What should your Net Revenue Churn be?

If your Net Revenue Churn is high (above 2% per month) it is an indicator that there is something wrong in your business; which may have a dramatically negative effect on your company’s growth. Source: Mckinsey

For companies that depend on subscription-based revenue streams, calculating and understanding churn rates is critical. Net Revenue Churn (NRC) provides insight into the success of organizations’ customer retention strategies, which directly affects their overall growth rate. Having a high NRC (above 2% per month) can be an indicator that something is wrong in your business and it may have a dramatically negative effect on your company’s growth. Understanding the potential causes of a high NRC can help you manage your customer attrition rates and avoid hitting an unsustainable threshold for success.

What You Need to Know About Net Revenue Churn (NRC)

Net revenue churn (NRC) measures how much recurring revenue you lose from customers each month as a percentage of total revenue from the same period in the previous quarter or year. To calculate NRC, divide your lost monthly recurring revenue by the prior quarter or year’s quarterly/annual revenue. If your monthly NRC rate exceeds 2%, it could signal that there are problems in your business model or areas where you need to improve customer retention—or both!

The Causes of High Net Revenue Churn

There are many possible causes for higher-than-expected net revenue churn, such as ineffective customer onboarding, unannounced product changes, lack of value delivered compared to what was promised during registration, pricing changes, bad customer service experiences, lack of automation, and other technical issues like inconsistent CRM systems. Additionally, if your product isn’t delivering on expectations then customers will become less engaged leading to inactive memberships and fewer renewals over time.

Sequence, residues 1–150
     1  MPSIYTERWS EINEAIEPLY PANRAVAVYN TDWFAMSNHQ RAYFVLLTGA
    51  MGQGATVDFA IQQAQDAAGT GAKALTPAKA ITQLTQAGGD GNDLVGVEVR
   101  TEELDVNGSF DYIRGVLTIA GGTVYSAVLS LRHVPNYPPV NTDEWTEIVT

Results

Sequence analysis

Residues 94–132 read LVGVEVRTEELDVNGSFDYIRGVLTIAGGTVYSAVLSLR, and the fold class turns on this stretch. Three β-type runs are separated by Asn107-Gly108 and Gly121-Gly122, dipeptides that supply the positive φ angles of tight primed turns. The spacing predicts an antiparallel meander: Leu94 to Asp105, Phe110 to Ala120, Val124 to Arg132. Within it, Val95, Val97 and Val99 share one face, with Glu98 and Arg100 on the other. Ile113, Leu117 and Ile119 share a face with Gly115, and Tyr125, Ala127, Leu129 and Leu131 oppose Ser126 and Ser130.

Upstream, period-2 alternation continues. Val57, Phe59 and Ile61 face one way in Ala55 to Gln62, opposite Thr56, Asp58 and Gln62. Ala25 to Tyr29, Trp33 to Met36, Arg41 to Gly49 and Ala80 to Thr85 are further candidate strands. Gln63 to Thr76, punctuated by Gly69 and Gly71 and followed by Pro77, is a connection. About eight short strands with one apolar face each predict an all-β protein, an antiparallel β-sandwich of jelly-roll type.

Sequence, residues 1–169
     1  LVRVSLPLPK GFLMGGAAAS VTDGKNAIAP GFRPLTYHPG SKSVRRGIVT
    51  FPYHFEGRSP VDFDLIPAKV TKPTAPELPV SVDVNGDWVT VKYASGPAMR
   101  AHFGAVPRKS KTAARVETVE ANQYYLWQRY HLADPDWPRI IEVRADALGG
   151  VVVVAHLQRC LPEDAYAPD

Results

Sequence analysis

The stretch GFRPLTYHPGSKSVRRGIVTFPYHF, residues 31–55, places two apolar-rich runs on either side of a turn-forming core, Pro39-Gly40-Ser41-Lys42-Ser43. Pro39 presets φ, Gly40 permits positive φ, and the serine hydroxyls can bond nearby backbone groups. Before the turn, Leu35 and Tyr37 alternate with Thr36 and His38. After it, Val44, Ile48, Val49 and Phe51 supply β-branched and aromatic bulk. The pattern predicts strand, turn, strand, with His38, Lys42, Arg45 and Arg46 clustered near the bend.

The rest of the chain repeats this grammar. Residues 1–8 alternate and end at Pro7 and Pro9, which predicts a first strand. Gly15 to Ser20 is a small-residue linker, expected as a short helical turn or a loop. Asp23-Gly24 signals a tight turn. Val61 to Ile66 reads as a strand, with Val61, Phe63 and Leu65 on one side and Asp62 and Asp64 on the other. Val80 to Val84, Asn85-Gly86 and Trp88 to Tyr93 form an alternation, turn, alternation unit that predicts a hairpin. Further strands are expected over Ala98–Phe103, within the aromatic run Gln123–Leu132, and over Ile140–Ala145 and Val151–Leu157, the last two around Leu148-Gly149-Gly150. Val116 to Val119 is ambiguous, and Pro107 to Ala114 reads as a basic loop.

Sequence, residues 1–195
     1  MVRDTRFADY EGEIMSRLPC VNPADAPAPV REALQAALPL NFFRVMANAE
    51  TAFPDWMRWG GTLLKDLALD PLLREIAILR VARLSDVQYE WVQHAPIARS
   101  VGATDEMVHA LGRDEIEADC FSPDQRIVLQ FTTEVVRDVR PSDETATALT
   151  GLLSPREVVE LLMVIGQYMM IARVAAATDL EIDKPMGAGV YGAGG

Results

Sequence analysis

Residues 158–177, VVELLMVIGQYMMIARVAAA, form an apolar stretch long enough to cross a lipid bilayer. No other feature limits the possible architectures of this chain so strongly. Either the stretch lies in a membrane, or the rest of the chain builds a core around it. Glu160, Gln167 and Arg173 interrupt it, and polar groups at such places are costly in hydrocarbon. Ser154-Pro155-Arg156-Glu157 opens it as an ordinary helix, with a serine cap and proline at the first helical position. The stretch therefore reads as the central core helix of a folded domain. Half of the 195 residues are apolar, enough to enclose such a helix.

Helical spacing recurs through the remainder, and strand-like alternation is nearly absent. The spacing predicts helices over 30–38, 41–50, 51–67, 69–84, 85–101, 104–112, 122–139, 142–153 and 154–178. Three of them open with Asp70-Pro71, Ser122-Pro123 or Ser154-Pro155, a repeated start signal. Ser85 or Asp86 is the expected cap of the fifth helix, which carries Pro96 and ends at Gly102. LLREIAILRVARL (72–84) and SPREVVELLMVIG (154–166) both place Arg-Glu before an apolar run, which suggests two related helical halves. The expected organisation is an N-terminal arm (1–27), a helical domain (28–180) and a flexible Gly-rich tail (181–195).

How Can You Improve Your NRC Rate?

If you want to reduce your Net Revenue Churn rate then you must first identify the underlying cause(s). Start by analyzing real data about what happened with individual customers who canceled their accounts instead of relying on anecdotal evidence from surveys or interviews. From there you can start making improvements in terms of products/services offered, user experience design approaches, onboarding processes, and other customer touchpoints that influence retention rate. Additionally, offering loyalty rewards programs such as discounts or special privileges to long-term customers can increase customer lifetime value over its projected ceiling by persuading them to stay with you longer than expected—reducing net revenue churn as a result. There are many different ways you can improve your NRC rate, and it doesn’t hurt to experiment with a few techniques to figure out what works best for your business.

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